How We Eat: Meat Shortages May Reshape Diets

By Andrew Hulett

This post originally appeared on

COVID-19 seems to be changing how we eat. As anyone who’s gone shopping in the last few weeks can tell you, meat is becoming a rarity. Fast food chain Wendy’s has limited menus to chicken-only items at some locations. Costco is capping purchases of fresh beef, pork, and poultry to three per shopper. Kroger Co. placed similar restrictions at certain stores, and Tyson and others are shutting down meat plants and slowing production. Despite these changes, President Trump tried to keep the burgers coming by signing an executive order labeling meat plants “critical infrastructure.” We can assume the workers at these meat plants weren’t consulted—a group that so far has seen twenty deaths from COVID-19 and an estimated 6,500 sick or exposed to COVID-19 while working near someone who tested positive. In short, the meat industry is beginning to shake.

But what does this mean for the consumer? Unfortunately, for vegetarians and vegans, veggie burgers might be hard to find. As meat supplies continue to drop—and the hoarders become more anxious—people are looking to alternatives for their beef, poultry, and pork. Meat substitutes like Beyond Burgers are surging in grocery sales, mitigating losses by restaurant closings. In contrast, meat and dairy farms are euthanizing cattle and dumping upwards of 3.7 million gallons of milk every day due to a loss in demand from restaurants closing.

The decline in meat consumption, while not voluntary, presents a unique opportunity for plant-based alternatives and a potential detachment from our heavy reliance on factory farms. Whether you’re a “ride or die” for bacon and cheese or open to alternatives, many can agree that our animal industry is an unmitigated mess, specifically factory farms, or “concentrated animal feeding operations” (CAFOs). These operations are detrimental to water quality and public health in rural America.

The contributing factor to CAFO pollution is how fecal waste is managed. Feeding operations in the United States produce 335 million tons of manure annually. This waste is stored in open-air lagoons. When these lagoons are full, farmers spray the waste to the surrounding areas, contaminating water supplies in neighboring communities. These lagoons are also prone to overflow in heavy rains. Worse still are natural disasters such as 2018’s Hurricane Florence, which overflowed hundreds of manure lagoons and jeopardized water quality in neighboring communities in North Carolina. Furthermore, between watering crops for feed and providing drinking water to the animals, producing just one pound of beef takes an estimated 1,581 gallons of water.

Factoring in the methane produced by animals at these facilities, it’s clear that factory farms are a major threat to our environment. But the challenges don’t stop there. CAFOs disproportionately damage the public health of low-income communities. These communities are almost exclusively communities of color—a focal point in environmental justice. And the issues aren’t isolated to smell and water supply; studies routinely show increased health risks related to proximity. A study on North Carolina CAFOs found 252,070 homes (predominantly African American, Hispanic, and Native American) within a three-mile radius of an open-air lagoon. People living in those homes faced a higher risk of anemia, kidney disease, and bacterial blood infection and a shorter life expectancy. Children attending schools similarly close to these open lagoons are prone to higher rates of asthma-related symptoms, asthma diagnoses, and asthma-related doctor visits.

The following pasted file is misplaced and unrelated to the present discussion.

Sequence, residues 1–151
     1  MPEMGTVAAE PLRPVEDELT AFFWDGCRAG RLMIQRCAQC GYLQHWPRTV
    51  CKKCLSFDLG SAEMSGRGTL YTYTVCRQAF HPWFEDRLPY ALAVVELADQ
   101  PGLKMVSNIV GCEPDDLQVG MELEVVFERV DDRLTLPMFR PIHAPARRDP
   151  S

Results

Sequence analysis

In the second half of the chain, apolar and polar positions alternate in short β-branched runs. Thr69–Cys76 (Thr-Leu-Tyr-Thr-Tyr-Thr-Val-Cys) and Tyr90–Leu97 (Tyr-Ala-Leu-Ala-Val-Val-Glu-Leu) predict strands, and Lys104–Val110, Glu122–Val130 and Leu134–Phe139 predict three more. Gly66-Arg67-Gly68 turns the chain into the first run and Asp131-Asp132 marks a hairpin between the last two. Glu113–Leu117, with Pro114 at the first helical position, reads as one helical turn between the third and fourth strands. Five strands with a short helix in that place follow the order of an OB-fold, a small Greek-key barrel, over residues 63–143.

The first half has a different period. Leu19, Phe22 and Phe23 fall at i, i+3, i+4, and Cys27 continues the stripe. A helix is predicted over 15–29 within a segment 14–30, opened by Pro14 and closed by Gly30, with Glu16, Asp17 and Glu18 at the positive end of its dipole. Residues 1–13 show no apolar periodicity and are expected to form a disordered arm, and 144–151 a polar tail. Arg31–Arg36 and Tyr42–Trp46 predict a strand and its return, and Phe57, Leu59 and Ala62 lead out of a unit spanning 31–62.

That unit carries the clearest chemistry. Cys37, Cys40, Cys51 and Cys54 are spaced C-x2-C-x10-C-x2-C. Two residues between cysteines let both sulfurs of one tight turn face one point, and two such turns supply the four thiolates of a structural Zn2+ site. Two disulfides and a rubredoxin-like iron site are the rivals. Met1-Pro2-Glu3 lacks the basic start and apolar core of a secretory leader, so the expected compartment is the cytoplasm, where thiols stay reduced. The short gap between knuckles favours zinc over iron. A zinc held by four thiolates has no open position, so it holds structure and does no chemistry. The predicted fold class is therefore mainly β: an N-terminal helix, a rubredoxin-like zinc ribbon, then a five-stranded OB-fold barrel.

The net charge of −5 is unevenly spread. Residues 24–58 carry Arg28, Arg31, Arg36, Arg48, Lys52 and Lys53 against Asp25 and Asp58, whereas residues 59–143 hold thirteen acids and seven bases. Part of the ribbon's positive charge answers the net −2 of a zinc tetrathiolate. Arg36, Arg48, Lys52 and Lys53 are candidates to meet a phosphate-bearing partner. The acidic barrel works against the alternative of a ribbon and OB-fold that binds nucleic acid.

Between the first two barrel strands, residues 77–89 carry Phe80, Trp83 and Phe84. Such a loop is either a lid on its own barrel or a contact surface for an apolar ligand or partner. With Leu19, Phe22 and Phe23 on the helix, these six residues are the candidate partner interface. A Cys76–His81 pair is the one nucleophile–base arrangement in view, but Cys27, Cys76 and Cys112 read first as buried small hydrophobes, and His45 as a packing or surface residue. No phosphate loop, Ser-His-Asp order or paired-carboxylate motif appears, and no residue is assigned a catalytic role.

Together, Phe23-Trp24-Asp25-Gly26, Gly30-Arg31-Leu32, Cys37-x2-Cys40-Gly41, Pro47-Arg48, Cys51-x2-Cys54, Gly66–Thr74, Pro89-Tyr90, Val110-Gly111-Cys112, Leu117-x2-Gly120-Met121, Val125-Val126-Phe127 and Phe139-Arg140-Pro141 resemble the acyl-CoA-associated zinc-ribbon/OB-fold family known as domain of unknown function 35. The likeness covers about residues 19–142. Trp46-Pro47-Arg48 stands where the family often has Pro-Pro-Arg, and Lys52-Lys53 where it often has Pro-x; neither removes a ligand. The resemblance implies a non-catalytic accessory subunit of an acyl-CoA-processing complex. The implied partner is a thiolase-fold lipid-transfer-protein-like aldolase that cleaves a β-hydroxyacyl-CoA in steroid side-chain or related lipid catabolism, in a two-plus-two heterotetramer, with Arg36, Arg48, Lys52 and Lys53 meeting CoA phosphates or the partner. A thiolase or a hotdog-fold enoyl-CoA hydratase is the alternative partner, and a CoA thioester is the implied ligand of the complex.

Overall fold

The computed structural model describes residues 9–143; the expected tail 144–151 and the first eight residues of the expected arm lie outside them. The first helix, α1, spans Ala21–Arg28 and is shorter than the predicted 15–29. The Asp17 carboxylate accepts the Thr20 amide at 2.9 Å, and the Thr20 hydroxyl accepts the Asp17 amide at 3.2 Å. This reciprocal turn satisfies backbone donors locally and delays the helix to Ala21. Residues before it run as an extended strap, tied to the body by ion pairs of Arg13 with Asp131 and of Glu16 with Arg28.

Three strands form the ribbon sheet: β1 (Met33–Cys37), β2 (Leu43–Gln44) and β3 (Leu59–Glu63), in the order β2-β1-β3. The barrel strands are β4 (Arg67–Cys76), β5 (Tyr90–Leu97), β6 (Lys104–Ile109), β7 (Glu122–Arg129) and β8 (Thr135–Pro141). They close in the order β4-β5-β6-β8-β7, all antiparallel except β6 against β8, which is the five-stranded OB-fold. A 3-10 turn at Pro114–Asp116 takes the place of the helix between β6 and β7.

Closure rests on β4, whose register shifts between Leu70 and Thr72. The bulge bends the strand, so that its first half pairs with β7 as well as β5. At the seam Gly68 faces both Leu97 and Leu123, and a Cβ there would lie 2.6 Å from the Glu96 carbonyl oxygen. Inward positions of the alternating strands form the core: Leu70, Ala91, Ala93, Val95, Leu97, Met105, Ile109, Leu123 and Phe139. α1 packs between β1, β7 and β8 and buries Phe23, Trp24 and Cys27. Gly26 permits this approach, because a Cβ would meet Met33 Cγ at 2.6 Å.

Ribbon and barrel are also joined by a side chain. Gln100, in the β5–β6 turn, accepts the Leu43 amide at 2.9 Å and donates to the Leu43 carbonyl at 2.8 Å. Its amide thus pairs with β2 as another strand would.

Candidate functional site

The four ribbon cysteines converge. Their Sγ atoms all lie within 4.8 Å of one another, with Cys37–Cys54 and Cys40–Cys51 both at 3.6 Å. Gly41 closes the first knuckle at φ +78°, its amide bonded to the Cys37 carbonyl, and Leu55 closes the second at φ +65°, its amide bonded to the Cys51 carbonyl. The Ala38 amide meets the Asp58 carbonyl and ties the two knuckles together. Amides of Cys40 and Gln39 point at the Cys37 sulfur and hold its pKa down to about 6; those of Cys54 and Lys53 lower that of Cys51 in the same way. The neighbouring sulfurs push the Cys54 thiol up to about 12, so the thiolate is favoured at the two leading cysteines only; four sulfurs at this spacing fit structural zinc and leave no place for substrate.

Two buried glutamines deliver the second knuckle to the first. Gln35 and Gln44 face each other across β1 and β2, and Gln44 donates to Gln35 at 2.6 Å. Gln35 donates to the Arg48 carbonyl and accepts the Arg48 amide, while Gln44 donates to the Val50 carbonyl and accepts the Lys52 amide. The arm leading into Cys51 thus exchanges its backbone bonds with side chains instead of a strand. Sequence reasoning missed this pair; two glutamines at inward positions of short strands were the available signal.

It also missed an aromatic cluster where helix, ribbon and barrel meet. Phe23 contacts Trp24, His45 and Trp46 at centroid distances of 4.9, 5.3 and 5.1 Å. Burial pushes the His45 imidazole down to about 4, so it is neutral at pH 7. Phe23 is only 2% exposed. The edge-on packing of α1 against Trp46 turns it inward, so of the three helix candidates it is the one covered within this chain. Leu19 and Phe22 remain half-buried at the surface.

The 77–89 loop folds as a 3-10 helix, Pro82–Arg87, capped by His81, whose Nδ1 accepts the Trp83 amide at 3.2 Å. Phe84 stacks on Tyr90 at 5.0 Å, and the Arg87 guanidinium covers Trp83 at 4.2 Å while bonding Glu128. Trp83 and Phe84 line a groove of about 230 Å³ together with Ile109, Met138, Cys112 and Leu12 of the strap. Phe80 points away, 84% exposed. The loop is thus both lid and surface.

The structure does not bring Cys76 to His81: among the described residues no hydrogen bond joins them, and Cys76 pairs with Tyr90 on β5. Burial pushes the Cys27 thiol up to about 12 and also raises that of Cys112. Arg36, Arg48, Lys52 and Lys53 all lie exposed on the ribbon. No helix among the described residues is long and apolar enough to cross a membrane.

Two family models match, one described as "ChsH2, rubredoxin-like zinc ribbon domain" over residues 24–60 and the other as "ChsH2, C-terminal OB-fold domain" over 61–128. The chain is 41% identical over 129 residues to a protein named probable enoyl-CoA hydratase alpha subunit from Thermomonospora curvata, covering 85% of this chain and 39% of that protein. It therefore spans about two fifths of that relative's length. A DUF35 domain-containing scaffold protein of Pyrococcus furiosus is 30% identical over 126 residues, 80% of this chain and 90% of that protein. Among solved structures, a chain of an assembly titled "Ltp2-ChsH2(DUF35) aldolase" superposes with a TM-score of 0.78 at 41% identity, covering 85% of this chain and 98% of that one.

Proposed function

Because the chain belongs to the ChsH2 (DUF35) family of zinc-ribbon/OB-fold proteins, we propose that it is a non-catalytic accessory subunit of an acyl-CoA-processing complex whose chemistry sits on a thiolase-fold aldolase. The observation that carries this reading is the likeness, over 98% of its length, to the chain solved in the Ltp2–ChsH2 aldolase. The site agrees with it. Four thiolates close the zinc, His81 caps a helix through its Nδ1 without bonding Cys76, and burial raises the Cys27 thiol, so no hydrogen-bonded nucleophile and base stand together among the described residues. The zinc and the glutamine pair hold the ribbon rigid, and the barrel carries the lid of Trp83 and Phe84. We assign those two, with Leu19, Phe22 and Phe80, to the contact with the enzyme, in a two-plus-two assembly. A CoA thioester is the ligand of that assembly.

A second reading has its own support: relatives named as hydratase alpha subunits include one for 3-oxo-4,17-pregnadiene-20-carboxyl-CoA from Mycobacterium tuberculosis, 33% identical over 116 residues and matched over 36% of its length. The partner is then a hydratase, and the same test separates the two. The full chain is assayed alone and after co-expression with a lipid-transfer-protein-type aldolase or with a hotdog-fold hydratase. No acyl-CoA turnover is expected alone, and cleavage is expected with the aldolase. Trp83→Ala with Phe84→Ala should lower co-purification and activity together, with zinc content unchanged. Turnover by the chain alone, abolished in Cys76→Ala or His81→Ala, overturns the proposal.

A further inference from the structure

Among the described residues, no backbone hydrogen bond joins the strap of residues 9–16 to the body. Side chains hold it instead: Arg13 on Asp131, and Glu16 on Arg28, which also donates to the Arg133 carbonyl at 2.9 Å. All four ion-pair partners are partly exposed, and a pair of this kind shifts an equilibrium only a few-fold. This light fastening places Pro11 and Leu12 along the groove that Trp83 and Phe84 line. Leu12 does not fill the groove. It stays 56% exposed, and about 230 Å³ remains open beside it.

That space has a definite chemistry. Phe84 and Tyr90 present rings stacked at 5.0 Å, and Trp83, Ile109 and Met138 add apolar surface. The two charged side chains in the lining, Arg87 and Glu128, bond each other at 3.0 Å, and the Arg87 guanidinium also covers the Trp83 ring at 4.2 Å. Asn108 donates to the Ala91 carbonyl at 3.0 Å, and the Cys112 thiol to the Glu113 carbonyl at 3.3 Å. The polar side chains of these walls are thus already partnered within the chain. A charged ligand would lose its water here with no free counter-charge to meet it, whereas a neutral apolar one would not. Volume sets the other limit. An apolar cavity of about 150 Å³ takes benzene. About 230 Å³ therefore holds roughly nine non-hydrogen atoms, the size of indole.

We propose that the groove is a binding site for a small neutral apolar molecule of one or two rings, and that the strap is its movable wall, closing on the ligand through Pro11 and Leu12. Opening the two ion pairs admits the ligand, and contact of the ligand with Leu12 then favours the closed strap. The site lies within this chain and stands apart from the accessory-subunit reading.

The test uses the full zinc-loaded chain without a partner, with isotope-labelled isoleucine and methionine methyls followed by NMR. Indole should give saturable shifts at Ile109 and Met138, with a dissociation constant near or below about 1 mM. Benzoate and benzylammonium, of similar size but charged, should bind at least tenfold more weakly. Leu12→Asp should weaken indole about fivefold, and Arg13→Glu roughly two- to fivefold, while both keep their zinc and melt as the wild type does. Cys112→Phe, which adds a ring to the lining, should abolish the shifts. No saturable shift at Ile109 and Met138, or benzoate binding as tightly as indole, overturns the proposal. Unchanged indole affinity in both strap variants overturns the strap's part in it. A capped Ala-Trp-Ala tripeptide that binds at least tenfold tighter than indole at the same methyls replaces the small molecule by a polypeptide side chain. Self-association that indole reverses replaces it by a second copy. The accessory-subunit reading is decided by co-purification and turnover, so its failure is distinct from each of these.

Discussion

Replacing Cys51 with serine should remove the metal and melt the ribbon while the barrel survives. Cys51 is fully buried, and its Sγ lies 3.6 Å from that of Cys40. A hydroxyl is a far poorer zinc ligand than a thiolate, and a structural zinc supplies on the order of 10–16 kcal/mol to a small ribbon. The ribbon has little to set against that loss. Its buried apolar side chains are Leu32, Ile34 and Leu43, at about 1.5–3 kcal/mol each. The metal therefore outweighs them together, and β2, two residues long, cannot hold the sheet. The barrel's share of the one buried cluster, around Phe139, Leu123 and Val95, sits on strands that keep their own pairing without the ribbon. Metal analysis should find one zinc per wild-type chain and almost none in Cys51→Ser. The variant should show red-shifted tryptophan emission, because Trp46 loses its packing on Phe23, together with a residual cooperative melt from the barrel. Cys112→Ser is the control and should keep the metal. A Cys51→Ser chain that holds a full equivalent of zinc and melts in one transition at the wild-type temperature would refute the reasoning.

Not only is human health jeopardized, but as concentrated animal feeding operations expand across the nation, small-scale farmers are displaced, which jeopardizes diversity in our food chain. CAFOs often aren’t properly regulated or tracked either. In 2007 environmental groups shed light on this lack of oversight in Iowa, resulting in the use of satellites to determine the number of CAFOs within its border. They found 5,000 more CAFOs beyond what the state previously knew about.

Simply put, our meat industry is a mess. A large societal shift towards plant-based diets would both improve the health of our environment and protect the communities surrounding CAFOs. Now is the time, when meat is expensive and hard to come by, to try a veggie burger. Indulge in meat alternatives. You may end up liking them or, at the very least, feel a lot better skipping the bacon or steak.

This is not to say meat is evil, but our reliance and obsession on it has bred large farming operations detrimental to people and the environment. Even if you find meat alternatives distasteful, try shopping locally at small farms for your meat. Having an ample supply of small to medium sized farms would help prevent the shortage we’re having by diversifying our food chain—and our food sources.

COVID-19 is reshaping our society in so many ways. Just this past weekend, I was involved in a car conga line as a family celebrated a graduation. With all these changes, now is a great time to reflect on our eating habits and take this meat shortage as an opportunity to try something new and end our reliance on CAFOs and factory-farmed meat.